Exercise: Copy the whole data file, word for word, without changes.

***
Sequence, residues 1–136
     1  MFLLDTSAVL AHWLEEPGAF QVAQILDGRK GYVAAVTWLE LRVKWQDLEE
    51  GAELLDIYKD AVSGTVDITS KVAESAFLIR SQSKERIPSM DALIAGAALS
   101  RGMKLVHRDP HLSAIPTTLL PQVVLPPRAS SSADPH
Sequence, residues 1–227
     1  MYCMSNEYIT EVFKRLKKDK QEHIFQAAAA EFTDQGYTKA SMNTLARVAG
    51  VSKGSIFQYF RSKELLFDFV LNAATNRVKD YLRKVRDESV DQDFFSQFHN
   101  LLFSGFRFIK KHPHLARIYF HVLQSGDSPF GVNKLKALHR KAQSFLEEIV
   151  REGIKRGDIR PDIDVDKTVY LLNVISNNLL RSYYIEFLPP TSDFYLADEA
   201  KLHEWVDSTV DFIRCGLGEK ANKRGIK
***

Sequence, residues 1–136
     1  MFLLDTSAVL AHWLEEPGAF QVAQILDGRK GYVAAVTWLE LRVKWQDLEE
    51  GAELLDIYKD AVSGTVDITS KVAESAFLIR SQSKERIPSM DALIAGAALS
   101  RGMKLVHRDP HLSAIPTTLL PQVVLPPRAS SSADPH
Sequence, residues 1–227
     1  MYCMSNEYIT EVFKRLKKDK QEHIFQAAAA EFTDQGYTKA SMNTLARVAG
    51  VSKGSIFQYF RSKELLFDFV LNAATNRVKD YLRKVRDESV DQDFFSQFHN
   101  LLFSGFRFIK KHPHLARIYF HVLQSGDSPF GVNKLKALHR KAQSFLEEIV
   151  REGIKRGDIR PDIDVDKTVY LLNVISNNLL RSYYIEFLPP TSDFYLADEA
   201  KLHEWVDSTV DFIRCGLGEK ANKRGIK